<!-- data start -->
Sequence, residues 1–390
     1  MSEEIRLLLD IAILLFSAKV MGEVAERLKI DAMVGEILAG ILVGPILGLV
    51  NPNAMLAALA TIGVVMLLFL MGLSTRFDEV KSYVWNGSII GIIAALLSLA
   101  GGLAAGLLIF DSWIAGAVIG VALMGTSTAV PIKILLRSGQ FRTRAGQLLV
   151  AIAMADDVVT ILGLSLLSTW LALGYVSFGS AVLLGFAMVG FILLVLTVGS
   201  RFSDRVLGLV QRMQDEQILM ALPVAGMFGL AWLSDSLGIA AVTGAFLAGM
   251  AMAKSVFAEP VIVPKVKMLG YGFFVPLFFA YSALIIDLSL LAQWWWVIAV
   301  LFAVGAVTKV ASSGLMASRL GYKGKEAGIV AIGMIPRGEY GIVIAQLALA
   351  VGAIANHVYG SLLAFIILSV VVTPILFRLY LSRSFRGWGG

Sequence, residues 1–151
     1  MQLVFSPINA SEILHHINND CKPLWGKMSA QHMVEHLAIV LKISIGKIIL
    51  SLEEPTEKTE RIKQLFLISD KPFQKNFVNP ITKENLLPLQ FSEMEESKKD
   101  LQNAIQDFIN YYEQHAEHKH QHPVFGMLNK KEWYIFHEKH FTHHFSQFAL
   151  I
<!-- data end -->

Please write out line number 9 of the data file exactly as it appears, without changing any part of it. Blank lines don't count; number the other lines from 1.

   351  VGAIANHVYG SLLAFIILSV VVTPILFRLY LSRSFRGWGG